By Ilana Hamer

 Ilana Hamer is a rising junior in the Joint Program with Columbia University and the Jewish Theological Seminary, studying Human Rights, Sociology, and Jewish Ethics. Outside of school, Ilana enjoys debating meaningful issues with her friends, teaching students at a synagogue in New York, and volunteering with Camp Kesem, a camp for children who have been affected by a parent’s cancer. 

With the month of May dedicated to the worldwide celebration of menstruation, it is more important than ever to discuss menstrual education: the topic that schools have utterly failed to adequately address.

Most young menstruators have at least one memory connected to menstruation in school, usually typified by feelings of embarrassment or shame. I certainly remember flinging a book out of my backpack a little too excitedly, prompting a pad to fly across the room. Years later, I still remember feeling humiliated. And yet, I’m a proud woman, unashamed and profoundly thankful for my access to menstrual products, a privilege many menstruators globally don’t have. So why, when a pad falls out of my purse, do I find myself moving more quickly than I thought humanly possible to pick it up before anyone notices? How do I reconcile this dichotomy? My usual “empowered identity” seems to be put on hold the moment I acknowledge that I do, in fact, bleed every month.

The pieces fall together when I reflect on the lack of proper education my classmates and I received about menstruation. In “Equity, Period,” Coshandra Dillard writes that conversations about menstruation rarely occur in schools, and when they do “instructional time is limited, and it’s common to separate classes by binary gender. And even then, it’s unlikely that these conversations will provide students the information they need.” For example, Gabrielle Rocha Rios writes in “The Importance of Menstrual Health Education” that even when girls did report learning about periods in school, their lessons focused entirely on menstrual cycle biology, and neglected crucial information about their bodies’ anatomy and sanitary products.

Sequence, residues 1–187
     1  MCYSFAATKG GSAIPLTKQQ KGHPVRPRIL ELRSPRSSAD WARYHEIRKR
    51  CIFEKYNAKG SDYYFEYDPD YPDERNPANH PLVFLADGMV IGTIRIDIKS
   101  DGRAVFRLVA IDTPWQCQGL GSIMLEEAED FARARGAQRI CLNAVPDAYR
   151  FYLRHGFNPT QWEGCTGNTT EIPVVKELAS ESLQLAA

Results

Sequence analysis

Certainly inadequate education isn’t the only factor contributing to the stigma about menstruation. The media portrays women as moody and angry, and the way we communicate about menstruation suggests secrecy. Countless code words for periods exist, such as “my time of the month” or “my monthly visitor.” Discretion is encouraged not only in public spaces – menstrual product manufacturers promise “a whisper-quiet” pad to conceal your period in bathrooms, reinforcing the message to menstruators that a period should be hidden from all.

So while media, advertisements, menstrual product companies, and society at large undoubtedly reinforce menstrual stigma, to address it effectively we must look at the place where menstrual stigma is first learned. Primary and secondary schools have the opportunity and responsibility to educate students about menstruation. Holistic, frequent, and inclusive menstrual education will prepare students for menstrual experiences and contribute to its normalization.